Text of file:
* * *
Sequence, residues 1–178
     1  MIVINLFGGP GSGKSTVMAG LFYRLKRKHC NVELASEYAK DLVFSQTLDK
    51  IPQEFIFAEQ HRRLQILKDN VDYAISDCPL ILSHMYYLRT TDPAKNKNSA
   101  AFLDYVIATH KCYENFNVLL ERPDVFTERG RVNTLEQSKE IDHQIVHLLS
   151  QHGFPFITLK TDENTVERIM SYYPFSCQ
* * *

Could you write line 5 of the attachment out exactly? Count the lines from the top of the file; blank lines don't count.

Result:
   151  QHGFPFITLK TDENTVERIM SYYPFSCQ